My words to Anna, as we stood contemplating the Scuola Grande di San Marco, moments before entering Venice Hospital, came true: ‘With a façade like that, I could even accept having a deformed child.’ I accepted Tito’s cerebral palsy.I accepted it as if it were the most natural thing in the world. I accepted it with delight. I accepted it with enthusiasm. I accepted it with love.
Well, you could rejuvenate a man like a tree. Cut off bad memories of him, scrape off all pain, all disappointments, like dead tissue; cut off mistakes, stupid decisions, mistakes, x-ray thoughts. And that it could be done after each winter so that the new year could come clean and innocent. We know—one of the following winters will kill us.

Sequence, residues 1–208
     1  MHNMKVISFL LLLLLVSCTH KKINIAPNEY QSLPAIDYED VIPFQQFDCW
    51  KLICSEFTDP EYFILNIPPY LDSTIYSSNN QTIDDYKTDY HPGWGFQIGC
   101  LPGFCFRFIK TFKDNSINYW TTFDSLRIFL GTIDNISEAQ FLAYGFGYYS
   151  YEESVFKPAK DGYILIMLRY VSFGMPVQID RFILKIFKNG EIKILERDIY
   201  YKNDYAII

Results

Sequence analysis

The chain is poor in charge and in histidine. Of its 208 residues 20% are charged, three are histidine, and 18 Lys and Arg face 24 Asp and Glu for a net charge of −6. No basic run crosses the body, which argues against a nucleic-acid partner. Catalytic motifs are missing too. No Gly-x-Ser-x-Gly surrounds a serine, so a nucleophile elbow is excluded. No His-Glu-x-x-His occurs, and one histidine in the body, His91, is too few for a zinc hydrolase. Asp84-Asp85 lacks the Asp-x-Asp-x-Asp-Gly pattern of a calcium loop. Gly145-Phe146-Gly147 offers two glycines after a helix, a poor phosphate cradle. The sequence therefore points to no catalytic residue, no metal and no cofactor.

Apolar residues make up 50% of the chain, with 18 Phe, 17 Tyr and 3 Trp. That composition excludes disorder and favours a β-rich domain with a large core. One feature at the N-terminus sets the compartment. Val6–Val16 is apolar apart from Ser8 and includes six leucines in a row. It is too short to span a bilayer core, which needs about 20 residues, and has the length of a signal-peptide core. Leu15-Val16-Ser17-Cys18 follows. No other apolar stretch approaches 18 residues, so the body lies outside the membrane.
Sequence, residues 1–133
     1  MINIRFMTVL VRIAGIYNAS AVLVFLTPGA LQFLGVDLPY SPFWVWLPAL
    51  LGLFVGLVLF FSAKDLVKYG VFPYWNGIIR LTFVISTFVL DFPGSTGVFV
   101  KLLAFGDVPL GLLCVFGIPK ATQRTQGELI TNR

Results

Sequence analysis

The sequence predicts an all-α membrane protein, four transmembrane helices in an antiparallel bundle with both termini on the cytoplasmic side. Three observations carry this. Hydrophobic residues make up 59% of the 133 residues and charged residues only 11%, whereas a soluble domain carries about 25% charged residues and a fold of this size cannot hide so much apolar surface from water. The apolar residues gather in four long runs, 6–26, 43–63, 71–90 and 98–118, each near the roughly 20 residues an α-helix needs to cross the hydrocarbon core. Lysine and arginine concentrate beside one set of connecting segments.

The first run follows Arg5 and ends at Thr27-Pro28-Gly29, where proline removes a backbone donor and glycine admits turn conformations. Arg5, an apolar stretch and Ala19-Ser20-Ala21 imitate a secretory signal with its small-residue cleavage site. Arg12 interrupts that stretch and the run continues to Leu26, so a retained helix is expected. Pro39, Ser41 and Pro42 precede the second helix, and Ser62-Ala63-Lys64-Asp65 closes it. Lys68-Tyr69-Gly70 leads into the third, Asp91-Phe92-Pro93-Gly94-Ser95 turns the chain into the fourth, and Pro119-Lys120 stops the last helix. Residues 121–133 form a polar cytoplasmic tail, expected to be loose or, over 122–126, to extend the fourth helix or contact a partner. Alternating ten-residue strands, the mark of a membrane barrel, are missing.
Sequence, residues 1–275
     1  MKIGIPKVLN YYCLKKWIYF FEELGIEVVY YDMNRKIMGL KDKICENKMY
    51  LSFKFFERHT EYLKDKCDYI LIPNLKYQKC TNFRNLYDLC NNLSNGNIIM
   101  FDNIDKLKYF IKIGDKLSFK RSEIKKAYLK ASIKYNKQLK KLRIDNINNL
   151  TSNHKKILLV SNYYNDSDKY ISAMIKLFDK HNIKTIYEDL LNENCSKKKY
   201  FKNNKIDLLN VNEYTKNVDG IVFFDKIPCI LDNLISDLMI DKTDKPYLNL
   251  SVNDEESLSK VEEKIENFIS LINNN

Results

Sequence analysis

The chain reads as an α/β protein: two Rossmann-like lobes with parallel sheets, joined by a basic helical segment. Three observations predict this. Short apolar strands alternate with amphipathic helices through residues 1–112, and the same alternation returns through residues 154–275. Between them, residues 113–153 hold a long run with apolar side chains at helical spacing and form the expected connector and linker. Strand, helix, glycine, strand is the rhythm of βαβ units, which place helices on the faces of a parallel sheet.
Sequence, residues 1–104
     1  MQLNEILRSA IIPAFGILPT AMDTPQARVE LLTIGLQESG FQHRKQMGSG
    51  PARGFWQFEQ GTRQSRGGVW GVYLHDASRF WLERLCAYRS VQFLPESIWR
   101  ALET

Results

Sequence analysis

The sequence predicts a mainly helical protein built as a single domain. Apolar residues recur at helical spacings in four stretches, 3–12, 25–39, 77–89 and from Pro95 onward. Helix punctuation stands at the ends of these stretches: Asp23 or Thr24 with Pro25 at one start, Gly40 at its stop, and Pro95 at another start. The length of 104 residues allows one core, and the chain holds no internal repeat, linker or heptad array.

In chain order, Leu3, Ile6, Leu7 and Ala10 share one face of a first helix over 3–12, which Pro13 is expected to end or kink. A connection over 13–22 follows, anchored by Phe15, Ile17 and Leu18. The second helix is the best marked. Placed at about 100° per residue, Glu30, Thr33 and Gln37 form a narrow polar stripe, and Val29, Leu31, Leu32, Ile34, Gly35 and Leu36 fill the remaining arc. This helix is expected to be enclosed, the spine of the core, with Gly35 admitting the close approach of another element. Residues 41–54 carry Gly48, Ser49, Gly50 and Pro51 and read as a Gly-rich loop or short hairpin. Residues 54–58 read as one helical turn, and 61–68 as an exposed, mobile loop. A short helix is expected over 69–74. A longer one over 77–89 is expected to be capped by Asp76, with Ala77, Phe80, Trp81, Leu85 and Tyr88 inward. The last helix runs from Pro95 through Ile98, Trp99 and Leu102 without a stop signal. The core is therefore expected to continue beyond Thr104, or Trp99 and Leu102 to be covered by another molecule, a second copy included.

In this one life, this one life that you have to live, you must embrace every moment that creeps into your existence. You must feel every possible emotion to realize you’re really alive, you’re really living. If you build walls and you hide behind them in fear, you’re not embracing moments, you’re not actually living.